10 Ways to Spruce Up Tired Kitchen Cabinets
Hang kitchen cabinets to add storage, paint or reface old ones to refresh the look of your room, and more
Kitchens are more than just where you prepare your meals. Nowadays, the kitchen is a command center, dining area, and the one room in the home where families spend the most time together. If you're looking for a way to spruce up the space, and an overhaul isn't in the budget, try one of these easy kitchen cabinet upgrades. You can brighten the room with a coat of cabinet paint, add handy storage features like a pull-out shelf or a free-standing island, or even build a window seat with stock cabinets—all with our help! Here are 10 of our top kitchen cabinet upgrades, along with step-by-step instructions chock full of pro tips, shopping lists, and tools lists to help you get the job done right.
When This Old House contractor Tom Silva started his carpentry career over 35 years ago, he often built the kitchen cabinets he installed for his customers. "Back then, it was still cost-effective for small shops to build them," he recalls. "Today, manufacturers assemble them faster and more economically than we can."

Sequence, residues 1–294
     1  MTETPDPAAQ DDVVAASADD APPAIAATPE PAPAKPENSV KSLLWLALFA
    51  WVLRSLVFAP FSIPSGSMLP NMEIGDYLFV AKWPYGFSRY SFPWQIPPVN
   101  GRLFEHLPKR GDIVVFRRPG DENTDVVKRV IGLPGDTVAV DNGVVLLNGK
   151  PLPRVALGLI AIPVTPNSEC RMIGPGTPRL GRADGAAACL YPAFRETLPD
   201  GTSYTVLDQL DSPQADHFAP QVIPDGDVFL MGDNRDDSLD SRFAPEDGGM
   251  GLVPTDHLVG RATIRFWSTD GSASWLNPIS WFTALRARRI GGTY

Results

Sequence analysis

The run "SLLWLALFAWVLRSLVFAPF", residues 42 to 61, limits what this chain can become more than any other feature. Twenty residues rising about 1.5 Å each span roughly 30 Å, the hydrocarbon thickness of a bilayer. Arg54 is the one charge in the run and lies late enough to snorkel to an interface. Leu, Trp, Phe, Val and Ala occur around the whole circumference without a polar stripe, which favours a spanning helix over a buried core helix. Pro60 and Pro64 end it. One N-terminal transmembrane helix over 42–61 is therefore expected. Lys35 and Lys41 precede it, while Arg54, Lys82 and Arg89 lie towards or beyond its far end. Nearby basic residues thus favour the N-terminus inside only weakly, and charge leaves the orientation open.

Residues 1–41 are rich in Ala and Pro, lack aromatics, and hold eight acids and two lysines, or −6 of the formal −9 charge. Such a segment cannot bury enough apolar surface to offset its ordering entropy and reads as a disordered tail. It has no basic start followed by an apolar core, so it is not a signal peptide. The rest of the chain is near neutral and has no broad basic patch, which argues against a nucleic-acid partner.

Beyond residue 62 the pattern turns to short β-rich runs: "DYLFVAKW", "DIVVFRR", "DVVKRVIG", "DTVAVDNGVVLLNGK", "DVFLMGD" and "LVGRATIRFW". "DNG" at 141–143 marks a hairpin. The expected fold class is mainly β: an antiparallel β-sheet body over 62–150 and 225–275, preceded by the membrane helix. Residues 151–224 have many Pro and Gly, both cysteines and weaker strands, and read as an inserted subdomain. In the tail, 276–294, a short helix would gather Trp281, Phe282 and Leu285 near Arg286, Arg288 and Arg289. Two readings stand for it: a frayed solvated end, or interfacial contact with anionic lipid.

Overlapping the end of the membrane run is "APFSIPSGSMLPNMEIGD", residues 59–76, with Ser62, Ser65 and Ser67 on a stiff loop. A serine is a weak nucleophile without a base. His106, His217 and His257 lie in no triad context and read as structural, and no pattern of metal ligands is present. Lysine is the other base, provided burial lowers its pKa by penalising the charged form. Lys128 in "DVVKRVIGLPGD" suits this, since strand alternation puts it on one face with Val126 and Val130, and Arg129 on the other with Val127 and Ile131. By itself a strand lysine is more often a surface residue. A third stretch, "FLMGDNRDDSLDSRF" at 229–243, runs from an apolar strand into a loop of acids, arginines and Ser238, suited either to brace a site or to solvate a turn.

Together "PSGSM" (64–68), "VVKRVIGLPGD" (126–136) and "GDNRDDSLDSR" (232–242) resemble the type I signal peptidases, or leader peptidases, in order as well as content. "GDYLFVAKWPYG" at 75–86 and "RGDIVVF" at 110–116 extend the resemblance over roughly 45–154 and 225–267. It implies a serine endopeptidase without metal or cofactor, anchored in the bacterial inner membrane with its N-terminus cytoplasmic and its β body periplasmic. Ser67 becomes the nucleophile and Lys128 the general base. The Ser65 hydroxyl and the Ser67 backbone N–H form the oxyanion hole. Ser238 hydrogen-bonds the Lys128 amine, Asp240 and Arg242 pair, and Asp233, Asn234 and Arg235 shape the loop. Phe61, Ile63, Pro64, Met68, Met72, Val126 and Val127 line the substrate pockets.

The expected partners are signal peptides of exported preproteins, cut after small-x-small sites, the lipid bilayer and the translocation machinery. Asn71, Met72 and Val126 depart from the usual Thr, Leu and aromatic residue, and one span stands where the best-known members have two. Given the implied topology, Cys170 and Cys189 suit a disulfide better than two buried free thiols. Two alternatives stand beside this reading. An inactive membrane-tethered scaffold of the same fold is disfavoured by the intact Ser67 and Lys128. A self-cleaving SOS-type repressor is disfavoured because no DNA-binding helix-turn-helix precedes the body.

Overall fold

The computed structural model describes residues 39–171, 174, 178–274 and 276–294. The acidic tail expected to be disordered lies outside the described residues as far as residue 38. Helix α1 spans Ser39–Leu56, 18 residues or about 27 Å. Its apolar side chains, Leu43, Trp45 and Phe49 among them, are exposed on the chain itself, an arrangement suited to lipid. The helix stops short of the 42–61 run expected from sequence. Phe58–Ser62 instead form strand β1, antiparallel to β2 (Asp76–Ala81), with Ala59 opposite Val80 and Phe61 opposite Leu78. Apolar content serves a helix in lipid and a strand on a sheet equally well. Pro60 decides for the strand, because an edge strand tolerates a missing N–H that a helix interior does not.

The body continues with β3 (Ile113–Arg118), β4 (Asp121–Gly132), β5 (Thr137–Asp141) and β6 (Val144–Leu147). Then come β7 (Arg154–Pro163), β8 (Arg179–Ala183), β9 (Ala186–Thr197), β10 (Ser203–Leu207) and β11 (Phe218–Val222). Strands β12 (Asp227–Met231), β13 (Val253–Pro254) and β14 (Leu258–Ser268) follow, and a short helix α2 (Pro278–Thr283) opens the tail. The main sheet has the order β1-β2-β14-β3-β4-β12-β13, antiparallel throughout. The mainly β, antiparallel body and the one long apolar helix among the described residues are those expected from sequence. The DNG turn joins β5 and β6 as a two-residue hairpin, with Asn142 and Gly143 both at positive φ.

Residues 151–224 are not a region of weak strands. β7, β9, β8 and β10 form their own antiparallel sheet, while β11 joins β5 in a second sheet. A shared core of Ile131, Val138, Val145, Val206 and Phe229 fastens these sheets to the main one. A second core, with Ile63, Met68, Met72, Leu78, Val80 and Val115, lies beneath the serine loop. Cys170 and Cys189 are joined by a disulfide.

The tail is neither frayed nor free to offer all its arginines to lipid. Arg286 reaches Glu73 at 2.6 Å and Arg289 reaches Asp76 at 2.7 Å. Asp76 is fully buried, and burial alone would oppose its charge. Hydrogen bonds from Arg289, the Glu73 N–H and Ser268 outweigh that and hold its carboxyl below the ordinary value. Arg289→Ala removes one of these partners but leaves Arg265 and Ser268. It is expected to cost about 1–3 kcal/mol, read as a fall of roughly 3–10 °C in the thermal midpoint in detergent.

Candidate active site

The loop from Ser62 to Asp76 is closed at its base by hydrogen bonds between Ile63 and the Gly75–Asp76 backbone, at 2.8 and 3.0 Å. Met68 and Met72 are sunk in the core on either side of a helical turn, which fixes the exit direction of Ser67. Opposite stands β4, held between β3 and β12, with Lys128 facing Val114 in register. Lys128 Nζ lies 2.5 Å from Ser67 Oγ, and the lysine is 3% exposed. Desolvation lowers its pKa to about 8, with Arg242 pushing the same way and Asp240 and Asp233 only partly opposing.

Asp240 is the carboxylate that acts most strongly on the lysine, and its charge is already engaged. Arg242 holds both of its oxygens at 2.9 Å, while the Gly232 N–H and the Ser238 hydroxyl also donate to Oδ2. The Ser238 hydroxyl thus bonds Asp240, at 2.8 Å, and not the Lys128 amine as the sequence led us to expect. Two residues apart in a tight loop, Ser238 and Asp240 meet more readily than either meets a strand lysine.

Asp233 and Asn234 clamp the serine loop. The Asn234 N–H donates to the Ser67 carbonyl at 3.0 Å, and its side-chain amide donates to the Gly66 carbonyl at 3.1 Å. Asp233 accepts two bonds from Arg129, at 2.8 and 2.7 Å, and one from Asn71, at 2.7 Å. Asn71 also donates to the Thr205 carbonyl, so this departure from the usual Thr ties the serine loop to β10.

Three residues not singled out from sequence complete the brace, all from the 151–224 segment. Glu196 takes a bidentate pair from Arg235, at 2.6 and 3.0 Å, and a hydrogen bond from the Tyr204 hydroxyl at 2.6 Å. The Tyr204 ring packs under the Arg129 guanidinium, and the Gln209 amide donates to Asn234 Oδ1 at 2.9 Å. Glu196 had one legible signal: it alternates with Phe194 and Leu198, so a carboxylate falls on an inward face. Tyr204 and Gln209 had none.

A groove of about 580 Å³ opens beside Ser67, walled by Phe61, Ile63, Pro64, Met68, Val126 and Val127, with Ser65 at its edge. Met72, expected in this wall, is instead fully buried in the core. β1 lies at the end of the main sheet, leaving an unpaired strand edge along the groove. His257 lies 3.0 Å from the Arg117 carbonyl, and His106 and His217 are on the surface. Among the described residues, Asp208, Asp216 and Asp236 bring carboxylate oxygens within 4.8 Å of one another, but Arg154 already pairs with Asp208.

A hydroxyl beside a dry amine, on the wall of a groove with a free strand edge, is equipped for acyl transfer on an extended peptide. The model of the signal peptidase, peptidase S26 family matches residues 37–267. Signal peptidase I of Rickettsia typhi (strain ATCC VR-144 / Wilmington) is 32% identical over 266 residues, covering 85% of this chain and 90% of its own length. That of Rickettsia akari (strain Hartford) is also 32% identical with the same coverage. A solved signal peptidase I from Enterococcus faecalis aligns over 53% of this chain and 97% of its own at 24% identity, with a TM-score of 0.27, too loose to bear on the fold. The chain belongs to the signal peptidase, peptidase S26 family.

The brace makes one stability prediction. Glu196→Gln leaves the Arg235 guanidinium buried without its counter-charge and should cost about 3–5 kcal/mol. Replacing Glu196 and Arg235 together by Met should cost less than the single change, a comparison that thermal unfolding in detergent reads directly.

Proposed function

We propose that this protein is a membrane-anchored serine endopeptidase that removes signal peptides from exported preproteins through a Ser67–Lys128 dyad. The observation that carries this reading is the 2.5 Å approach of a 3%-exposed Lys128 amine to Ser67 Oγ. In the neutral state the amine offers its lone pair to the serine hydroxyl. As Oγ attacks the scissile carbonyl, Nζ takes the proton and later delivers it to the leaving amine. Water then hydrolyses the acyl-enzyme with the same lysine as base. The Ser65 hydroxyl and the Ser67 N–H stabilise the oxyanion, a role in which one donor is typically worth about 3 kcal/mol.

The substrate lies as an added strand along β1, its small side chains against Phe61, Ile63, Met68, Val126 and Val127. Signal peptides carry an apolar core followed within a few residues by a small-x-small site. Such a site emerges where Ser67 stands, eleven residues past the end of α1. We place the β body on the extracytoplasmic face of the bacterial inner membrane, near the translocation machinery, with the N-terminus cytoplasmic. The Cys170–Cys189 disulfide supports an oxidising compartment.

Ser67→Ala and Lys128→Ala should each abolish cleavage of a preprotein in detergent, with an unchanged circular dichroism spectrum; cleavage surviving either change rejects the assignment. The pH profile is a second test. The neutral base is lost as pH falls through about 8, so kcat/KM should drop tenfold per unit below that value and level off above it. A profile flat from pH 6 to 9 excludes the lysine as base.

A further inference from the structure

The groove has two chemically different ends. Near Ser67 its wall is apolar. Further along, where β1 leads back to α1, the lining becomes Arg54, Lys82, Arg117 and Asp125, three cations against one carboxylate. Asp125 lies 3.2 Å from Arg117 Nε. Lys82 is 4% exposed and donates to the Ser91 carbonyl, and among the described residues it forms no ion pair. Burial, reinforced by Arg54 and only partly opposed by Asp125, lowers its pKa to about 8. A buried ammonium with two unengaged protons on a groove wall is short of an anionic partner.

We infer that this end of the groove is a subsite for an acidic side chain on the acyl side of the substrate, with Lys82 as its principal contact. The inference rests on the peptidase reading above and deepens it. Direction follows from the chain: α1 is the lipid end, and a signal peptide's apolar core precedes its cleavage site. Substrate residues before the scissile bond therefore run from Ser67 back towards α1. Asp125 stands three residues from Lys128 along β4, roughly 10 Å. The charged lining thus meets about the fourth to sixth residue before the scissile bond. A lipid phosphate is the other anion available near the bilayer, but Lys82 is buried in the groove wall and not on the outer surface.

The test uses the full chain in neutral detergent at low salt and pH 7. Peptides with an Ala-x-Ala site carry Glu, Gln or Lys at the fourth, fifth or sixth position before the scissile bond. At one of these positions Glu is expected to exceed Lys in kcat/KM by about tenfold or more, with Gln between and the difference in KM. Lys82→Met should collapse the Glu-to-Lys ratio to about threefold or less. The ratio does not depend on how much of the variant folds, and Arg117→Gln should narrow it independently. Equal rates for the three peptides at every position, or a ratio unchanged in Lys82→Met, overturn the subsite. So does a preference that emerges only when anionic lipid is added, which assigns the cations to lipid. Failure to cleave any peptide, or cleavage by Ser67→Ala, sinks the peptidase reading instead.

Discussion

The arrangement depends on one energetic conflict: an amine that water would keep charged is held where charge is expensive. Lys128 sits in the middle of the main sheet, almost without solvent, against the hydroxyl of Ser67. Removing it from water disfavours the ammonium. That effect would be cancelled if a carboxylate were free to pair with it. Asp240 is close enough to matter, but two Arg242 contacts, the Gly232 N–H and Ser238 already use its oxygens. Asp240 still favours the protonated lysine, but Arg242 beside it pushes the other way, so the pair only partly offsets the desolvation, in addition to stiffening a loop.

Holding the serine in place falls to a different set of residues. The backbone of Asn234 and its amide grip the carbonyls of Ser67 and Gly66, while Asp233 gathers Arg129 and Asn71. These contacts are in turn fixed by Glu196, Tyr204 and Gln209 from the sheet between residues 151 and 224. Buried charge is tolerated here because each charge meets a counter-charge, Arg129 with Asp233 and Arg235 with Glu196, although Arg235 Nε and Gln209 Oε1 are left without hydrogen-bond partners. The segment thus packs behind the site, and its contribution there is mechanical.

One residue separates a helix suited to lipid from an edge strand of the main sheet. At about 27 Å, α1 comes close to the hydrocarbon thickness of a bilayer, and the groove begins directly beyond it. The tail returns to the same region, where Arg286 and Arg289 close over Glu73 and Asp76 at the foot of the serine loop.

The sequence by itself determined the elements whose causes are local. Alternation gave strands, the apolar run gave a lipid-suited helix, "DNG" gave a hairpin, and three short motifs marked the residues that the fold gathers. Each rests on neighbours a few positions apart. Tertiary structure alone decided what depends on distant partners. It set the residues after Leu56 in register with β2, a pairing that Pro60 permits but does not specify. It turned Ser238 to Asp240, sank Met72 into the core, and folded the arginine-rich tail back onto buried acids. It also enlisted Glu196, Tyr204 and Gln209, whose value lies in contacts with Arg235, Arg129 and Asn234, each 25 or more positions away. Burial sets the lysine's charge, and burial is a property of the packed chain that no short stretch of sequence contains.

The goal is to take this collection of boxes and bring them together to make a beautiful piece of built-in furniture. The basic installation sequence is straightforward: You want to get everything straight, plumb, and level. But more often than not, the room itself lacks those attributes. Not to worry! We can help you get the job done right.
For full step-by-step instructions, shopping list, and tools list, see How to Hang Kitchen Cabinets.
Your cavelike kitchen feels that way because the dark cabinets have sucked all the light out of the room. But a brighter makeover doesn't necessarily mean replacing those gloomy boxes with all-new ones. As long as the frames and doors are structurally sound, you can clean them up and brush on a fresh coat of paint—and within a weekend take that kitchen from dreary to sunny.
All you need is some strong cleaner, sandpaper, a paintbrush, and a little elbow grease. What you don't need is a whole lot of money, as the transformation will cost you a fraction of even the cheapest new cabinets. And that's news that should sure light up your day.